The Snail with the Right Heart, out on February 2, came alive thanks to the invaluable stewardship of my longtime friend, neighbor, and collaborator Claudia Zoe Bedrick — the one-woman powerhouse behind Brooklyn-based independent children’s publisher Enchanted Lion.
Illustrations by Ping Zhu courtesy of Enchanted Lion Books; story and page photographs by Maria Popova
This is something I have always believed, and so I have always turned to children’s books — classics like The Little Prince, which I reread once a year every year for basic soul-maintenance, and modern masterpieces like Cry, Heart, But Never Break — as mighty instruments of existential calibration. But I never thought I would write one.
Long ago, before half the stars that speckle the sky were born and before the mountains rose reaching for them, a giant ocean covered the Earth. One day, something strange happened in the giant ocean — a change so mysterious and magnificent that it was given a special name: mutation.
One of the wonders of snails is that they can make babies without a mate, because every snail has a body that is both male and female. Such a wondrous body is called a hermaphrodite.
When it arrived at the famous snail laboratory, Doctor Angus named it Jeremy, after the English politician Jeremy Corbyn. (Grownups believe that this big round world has sides, so they divide their politics into left and right, like shoes or gloves. Because Jeremy Corbyn belongs to the left, Doctor Angus thought it would be funny to name the little lefty snail after him.)
At the heart of the story, excerpted below, is an invitation not to mistake difference for defect and to recognize, across the accordion scales of time and space, diversity as nature’s fulcrum of resilience and wellspring of beauty.
But although Jeremy the snail was given a boy name, Jeremy the snail was neither a he nor a she — Jeremy, like all land snails, was both.
Jeremy’s shell was just the most obvious expression of that mutation, but the entire soft body hidden inside was also a mirror-image of almost every other snail’s body — a condition known as situs inversus, Latin for “inverted internal organs.”
Carefully, the elderly scientist packed the little snail into a cozy box and sent it on its way.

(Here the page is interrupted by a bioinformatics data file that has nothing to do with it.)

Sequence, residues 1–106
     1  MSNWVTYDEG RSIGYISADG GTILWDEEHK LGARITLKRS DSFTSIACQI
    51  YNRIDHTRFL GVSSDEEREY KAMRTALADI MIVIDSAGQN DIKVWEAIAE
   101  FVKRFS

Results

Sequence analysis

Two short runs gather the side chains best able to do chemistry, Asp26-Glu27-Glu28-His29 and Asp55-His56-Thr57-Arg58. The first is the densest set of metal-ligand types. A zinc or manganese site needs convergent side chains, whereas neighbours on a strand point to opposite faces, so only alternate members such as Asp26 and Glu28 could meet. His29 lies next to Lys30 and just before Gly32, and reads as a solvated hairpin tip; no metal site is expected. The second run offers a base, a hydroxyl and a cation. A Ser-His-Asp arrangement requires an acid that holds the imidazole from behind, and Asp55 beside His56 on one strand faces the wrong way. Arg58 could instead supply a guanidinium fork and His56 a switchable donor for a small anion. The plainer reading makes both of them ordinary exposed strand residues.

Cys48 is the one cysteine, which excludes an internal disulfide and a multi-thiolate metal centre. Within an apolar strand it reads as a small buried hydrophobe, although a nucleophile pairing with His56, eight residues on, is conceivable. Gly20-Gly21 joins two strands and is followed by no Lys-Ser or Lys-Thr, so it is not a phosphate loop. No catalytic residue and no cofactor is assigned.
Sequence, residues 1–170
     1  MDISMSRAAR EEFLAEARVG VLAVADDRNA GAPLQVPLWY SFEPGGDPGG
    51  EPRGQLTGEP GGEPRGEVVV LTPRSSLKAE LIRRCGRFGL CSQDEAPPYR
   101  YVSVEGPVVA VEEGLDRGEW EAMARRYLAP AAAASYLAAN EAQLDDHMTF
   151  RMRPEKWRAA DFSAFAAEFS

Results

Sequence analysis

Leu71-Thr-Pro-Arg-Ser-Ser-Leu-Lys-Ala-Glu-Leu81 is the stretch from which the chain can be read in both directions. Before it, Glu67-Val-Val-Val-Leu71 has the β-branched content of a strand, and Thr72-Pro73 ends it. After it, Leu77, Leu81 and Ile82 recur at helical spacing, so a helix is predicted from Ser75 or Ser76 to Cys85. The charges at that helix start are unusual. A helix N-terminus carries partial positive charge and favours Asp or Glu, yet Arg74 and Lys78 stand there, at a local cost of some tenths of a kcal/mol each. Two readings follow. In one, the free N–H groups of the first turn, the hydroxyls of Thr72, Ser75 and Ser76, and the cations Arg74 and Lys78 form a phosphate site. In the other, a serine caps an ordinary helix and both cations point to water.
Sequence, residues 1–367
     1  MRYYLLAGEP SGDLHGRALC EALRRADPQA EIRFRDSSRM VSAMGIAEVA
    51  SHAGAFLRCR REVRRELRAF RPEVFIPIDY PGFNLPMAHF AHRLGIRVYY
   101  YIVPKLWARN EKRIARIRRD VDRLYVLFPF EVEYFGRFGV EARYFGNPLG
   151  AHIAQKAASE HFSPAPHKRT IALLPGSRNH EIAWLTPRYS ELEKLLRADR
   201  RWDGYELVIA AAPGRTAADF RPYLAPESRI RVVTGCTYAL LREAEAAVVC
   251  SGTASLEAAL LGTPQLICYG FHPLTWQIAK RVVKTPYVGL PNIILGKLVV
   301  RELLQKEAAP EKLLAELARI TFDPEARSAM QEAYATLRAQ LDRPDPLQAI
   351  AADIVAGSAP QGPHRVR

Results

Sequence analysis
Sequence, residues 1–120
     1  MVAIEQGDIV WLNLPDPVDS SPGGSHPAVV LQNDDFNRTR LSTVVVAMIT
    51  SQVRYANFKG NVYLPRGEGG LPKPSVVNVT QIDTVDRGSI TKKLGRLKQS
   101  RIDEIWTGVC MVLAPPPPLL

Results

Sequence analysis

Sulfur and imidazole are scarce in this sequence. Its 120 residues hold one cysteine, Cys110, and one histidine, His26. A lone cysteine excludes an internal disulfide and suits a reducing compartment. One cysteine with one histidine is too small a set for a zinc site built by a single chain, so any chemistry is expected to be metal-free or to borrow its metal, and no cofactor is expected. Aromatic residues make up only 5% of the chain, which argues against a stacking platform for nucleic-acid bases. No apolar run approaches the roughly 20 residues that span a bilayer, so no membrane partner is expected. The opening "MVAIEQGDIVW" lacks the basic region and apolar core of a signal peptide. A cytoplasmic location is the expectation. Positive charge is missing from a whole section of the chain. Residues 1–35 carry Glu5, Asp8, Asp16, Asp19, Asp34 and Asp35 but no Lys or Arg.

But — that three-letter twist of fate that can so instantly take the trajectory of any story, any expectation, any life and coil it in the opposite direction.
Many of your gene-seeds come abloom in your own body-garden — you get to see, to be the flowers they become. But not every one of your seeds will bloom — some only sprout when they are near other seeds just like them. These shy seeds may lay dormant in the soil and only bloom in generations of gardens down the line — in your children, or your children’s children, or your children’s children’s children. Those seeds are called recessive genes.
Soon — which in cosmic time means millions and millions of years — they crawled out of the ocean and onto the land. Not knowing whether they would find a home there, some of these brave early explorers carried their homes on their backs.
I have chosen to donate all my author’s proceeds from the book to the Children’s Heart Foundation, whose quarter-century devotion to funding research and scientific collaborations is shedding light on congenital heart conditions to help young humans with unusual hearts live longer, wider lives.
Before the watercolor sun sets beneath the endpapers, the story ends the same way life lives itself through us — unpredictable, heartbreaking, and redemptive, forever planting dormant seeds to come abloom in some future garden, maybe tomorrow, maybe long after the stars that speckle this sky are gone and new stars are born to shine upon new hearts beating to the same primeval pulse-beat of cosmic chance.
Special thanks to my biologist pal Joe Hanson for assaying the solidity of the science, to my former partner and darling friend Debbie Millman for hand-lettering the cover text, and to the fine journalists at The Guardian for reporting the true story on which this labor of love is based.
One autumn afternoon a cosmic blink ago, a human — a retired scientist from the London’s Natural History Museum — stopped mid-stride on his walk when he noticed a most unusual garden snail in a pile of compost. It was smaller than the other snails. Its shell was darker than theirs. One of its tentacles had trouble unspooling. And because the snail’s tentacles are both its fingers and its eyes, this little snail didn’t feel and see the world the way most snails do.
So, he went on the radio again and made an appeal to the whole world to help find Jeremy a lefty mate.
But the strangest thing was something else still: The spiral of its shell coiled in the opposite direction from other snails — it spiraled left instead of right, the same direction the Earth crawls around the Sun.